- a poet, author or a scientist reads a whole library to make one new book
- a composer or DJ listens to countless pieces of music to make one new composition
- an artist watches many paintings and landscapes before he paints a masterpiece
Thus when we are creative, we turn the objects of our subjective experience – the former objects of perception – in an active process into objective reality. Creativity turns subjective experience into objective reality. In a way, creativity is the counterpart and opposite of personal perception. Perception turns objective reality into subjective experience, while creativity turns subjective experience into objective reality. Description and combination of subjective experience leads to the creation and construction of stories, works of art, and virtual worlds.
“Der Künstler steht da zwischen dem Endlichen und Unendlichen; wo beide aneinanderstoßen, fängt er den Blick des Gewitters auf, hält ihn fest und gibt ihm ewige Dauer.”
Jacob Grimm, (1785-1863), deutscher Sprach- und Literaturwissenschaftler
The translation of this quote is roughly “the artist stands where the finite meets the infinite, where both collide, he catches the view of the storm, holds it and gives it eternal duration.” In this quote, the German linguist Jacob Grimm says that the creative process involves a transition or transformation between one world and another (in one world the phenomenon may be occasional and non-permanent, in the other it may be lasting and permanent). The artists is the connection between both worlds, he is at the place where the finite meets the infinite, and the incidental the eternal.
|Experience & Perception||Creation & Action|
|Worlds||Real World -Recognition–> Subjective Experience||Subjective Experience -Insight–> Subjective Experience||Subjective Experience -Creation–> Virtual World||Virtual World -Act–> Real World|
|Transformation||transform real event into idea||transform real event into new memory, or one idea into another||transform abstract ideas into words||transform memory/abstract words into real events|
|Result||Impression, Subjective Experience||Personal Memory, Subjective Experience||Books, Plays||TV, theater stage|
|Actions||Perception, Observation, Consumation||Understanding, Comprehension||Creation, Construction, Composition||Action, Reproduction|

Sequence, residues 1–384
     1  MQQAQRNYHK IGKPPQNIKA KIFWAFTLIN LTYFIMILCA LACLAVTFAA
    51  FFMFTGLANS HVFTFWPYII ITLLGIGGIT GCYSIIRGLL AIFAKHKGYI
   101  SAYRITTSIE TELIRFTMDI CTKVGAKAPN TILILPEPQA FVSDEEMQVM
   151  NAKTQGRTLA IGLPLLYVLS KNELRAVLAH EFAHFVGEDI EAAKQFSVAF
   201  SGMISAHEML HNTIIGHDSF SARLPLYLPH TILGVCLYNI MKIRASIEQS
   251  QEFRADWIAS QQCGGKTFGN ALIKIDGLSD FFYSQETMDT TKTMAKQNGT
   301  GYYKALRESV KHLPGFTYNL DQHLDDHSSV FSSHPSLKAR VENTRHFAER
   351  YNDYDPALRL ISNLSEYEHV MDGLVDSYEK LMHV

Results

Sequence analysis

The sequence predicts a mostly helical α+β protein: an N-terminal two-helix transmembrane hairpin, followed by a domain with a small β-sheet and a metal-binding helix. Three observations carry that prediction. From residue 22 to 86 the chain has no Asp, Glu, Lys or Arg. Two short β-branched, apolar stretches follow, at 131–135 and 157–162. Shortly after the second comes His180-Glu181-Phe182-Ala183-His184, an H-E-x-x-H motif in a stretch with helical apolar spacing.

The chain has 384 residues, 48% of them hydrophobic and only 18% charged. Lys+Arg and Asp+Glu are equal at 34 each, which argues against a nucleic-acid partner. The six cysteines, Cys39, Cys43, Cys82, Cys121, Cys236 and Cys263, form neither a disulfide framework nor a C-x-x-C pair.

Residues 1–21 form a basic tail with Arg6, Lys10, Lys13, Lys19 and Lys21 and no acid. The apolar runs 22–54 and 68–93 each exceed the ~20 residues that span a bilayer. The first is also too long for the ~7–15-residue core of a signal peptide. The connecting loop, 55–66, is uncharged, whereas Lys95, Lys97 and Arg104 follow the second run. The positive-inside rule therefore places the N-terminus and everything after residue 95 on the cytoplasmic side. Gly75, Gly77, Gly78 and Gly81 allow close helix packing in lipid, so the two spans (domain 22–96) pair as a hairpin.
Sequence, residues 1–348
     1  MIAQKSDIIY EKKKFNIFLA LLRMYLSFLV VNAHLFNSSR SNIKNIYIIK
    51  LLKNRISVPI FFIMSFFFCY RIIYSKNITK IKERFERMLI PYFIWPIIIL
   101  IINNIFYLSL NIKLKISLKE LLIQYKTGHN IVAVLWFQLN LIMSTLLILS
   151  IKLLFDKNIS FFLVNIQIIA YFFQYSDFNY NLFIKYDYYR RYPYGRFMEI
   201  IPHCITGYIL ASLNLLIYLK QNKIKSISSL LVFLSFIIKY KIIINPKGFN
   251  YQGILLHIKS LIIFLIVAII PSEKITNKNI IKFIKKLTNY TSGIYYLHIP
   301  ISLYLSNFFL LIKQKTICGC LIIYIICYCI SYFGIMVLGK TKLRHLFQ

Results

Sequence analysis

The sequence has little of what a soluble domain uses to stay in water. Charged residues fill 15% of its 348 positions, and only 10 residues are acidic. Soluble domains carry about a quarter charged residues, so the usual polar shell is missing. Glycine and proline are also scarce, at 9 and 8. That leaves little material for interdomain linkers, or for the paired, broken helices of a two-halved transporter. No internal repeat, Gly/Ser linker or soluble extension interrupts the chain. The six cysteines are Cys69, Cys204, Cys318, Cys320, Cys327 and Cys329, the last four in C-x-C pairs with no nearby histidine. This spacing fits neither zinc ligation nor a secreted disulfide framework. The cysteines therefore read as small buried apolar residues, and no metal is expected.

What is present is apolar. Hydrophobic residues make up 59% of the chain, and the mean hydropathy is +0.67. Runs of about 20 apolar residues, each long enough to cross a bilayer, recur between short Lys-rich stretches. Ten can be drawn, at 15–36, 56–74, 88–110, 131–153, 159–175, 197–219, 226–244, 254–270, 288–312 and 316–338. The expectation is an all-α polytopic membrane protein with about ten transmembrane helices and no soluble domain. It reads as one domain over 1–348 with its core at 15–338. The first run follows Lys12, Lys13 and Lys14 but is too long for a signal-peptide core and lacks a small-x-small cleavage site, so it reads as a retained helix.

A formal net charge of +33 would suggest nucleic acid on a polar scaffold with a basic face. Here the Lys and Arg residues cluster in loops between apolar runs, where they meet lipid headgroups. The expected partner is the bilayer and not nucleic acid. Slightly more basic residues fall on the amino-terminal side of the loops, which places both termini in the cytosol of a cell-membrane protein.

One can distinguish between between mere perception of well-known ideas, i.e. “re”-cognition and remembrance, and perception of new ideas while we understand and comprehend new things. During the former cognitive process, external events are just turned into their neural correlates, an activation of some internal memories.
This is the opposite of acting, during acting and rehearsal, where internal memories are turned into external events. For creative processes, one can also distinguish between production and mere reproduction or restoration. Creation is the antithesis of restoration: a creative process needs novelty, new combinations, whereas a restorative process needs conservation, preservation of old combinations.
“For all their seeming kinship, a restorer is the antithesis of a painter: he is a conserver, not a creator. Like a mimic, he assumes another person’s style, at the expense of his own identity. He must resist any urge to improve, to experiment, to show off; otherwise, he becomes a forger. Yet, unlike a great actor, he receives no glory for his feats of mimicry. If he has succeeded, he has burnished another artist’s reputation, and vanished without the world ever knowing who he is, or what he has accomplished. The art historian Max J. Friedländer called the business of the restorer “the most thankless one imaginable.”
from a story of “The New Yorker”
Anton Chekhov also valued creation more than mere action, although he also observed that both are indistinguishable for the audience, while the actor is much more popular because he arises strong emotions. In his short story “A Dreary Story” he writes about actors:
“To my mind, if a play is good there is no need to trouble the actors in order that it may make the right impression; it is enough to read it. If the play is poor, no acting will make it good. […] No art nor science was capable of producing so strong and so certain an effect on the soul of man as the stage, and it was with good reason that an actor of medium quality enjoys greater popularity than the greatest savant or artist.”
Anton Chekhov (1860-1904), “A Dreary Story”